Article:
The menu is based on six couscous variations: chicken, mafrum, short-rib, lamb, spicy fish and vegetables. There are three appetizers, three side dishes, one Moroccan dessert, and a gluten-free option that replaces couscous with rice.

From the moment Admony decided to open Kish-Kash it was clear to her that the menu would be simple and couscous-driven, a dish that when made right, is “fluffy like clouds.”

In Sephardic Jewish homes, food is an expression of love, generosity and hospitality. Couscous is the kind of dish that feels both communal and plentiful — and can easily feed entire families.

“I want everyone to know the kind of cuisine and beautiful flavors North Africa has to offer,” says Admony. “I want my restaurant to be accessible to everyone.”

Debla pastry, by chef Einat Admony. (Courtesy)

The menu is reasonably priced, with starters beginning at $9, and main courses ranging from $15-$21. Kish-Kash will offer a casual restaurant experience during lunch, a more intimate atmosphere at dinnertime, and will focus widely on large-party deliveries throughout the city.

Although working tirelessly on several fronts of her business, Admony does not give up her time in the kitchen doing what she loves most — cooking.

“I am probably the only chef you will meet who still enjoys cooking at home. I host friends over every Friday night for Shabbat dinner and love feeding others. It’s my therapy,” she says.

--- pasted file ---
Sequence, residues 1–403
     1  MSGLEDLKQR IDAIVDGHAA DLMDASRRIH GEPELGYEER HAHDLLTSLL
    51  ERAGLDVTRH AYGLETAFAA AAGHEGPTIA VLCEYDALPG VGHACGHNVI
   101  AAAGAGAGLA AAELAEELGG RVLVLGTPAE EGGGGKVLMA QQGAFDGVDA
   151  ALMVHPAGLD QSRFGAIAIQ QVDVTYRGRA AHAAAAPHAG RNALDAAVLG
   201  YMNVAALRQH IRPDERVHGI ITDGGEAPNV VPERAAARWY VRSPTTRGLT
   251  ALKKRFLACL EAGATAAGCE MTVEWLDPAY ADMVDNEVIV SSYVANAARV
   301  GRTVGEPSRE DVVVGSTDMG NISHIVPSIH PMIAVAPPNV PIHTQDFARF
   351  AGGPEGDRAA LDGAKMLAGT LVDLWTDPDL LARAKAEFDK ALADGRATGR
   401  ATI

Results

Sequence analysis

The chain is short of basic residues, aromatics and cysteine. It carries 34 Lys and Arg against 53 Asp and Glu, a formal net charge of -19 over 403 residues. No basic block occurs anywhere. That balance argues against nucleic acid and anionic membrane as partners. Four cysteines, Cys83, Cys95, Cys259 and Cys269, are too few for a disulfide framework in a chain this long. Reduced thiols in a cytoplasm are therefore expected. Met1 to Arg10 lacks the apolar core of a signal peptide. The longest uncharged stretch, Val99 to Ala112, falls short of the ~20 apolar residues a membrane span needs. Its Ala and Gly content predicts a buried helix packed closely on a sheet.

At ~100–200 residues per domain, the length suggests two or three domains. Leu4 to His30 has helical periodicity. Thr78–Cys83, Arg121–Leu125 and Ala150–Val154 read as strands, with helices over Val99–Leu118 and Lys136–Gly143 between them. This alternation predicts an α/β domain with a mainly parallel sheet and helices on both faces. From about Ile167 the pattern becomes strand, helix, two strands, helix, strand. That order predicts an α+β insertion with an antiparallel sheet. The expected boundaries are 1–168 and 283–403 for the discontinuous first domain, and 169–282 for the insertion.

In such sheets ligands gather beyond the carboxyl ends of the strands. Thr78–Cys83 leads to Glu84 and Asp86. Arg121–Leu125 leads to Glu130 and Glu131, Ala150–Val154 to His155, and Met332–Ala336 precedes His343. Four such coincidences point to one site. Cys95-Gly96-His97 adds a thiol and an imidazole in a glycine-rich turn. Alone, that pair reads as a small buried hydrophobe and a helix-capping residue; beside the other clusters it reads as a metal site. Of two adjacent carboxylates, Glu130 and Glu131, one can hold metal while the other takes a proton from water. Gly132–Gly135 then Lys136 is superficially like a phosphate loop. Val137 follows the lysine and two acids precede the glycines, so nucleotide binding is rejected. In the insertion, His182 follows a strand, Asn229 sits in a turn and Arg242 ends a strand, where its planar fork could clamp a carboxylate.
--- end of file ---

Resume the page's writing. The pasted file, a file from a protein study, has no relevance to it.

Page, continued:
Aside from Kish-Kash, Admony is currently working on expanding the Taim chain while focusing on a new television production that she cannot yet reveal. It seems Admony is always two steps ahead, planning her next big project and constantly evolving, just like her recipes.

When asked if she would share one of her recipes, Admony doesn’t hesitate.

Preserved lemons at Kish-Kash, a new restaurant by chef Einat Admony. (Courtesy)

“When it comes to food, I have no secrets. I don’t see the point in hiding my recipes, and I am constantly trying new things,” she says.

For the full couscous experience, New Yorkers will have to wait until June 18 to visit Kish-Kash in the West Village. For those who can’t travel that far for a taste of Jewish North Africa, here is a recipe for chreime, the famous Sephardic spicy fish.

Chreime (Spicy Fish)

Serves 6

1/3 cup vegetable oil
10 cloves garlic, thinly sliced
1 jalapeño, thinly sliced
2 tablespoons harissa
¼ cup paprika
1 teaspoon caraway
1 ½ teaspoon cumin
2 pints cherry tomatoes, cut into halves
½ cup water
4 fish fillets, 7-9 oz. each, skin-on (grouper, bass, snapper)
Juice of one lemon
Kosher salt and freshly ground black pepper, to taste
Cilantro for garnish

Heat oil in a large sauté pan on medium heat. Add garlic and saute until soft, about 10 minutes. If the garlic starts to brown, turn the heat down slightly. Stir in jalapeno, harissa, tomato paste, paprika, caraway, and cumin. Cook for 1-2 minutes. Add cherry tomatoes and a pinch of salt and cook until tomatoes are soft. Add water and simmer over low heat for 30 minutes. Add salt and pepper to taste.

While tomatoes are cooking, squeeze the juice of one lemon over the fish and let it sit for 5 minutes. Give the fish a rinse and add directly to the pan, tucking them into the sauce. Add a handful of cilantro and cook for another 7-10 minutes until fish is cooked through.

Top with fresh cilantro and serve right out of the pan with fresh challah.

Kish-Kash is located at 455 Hudson, in Manhattan’s West Village.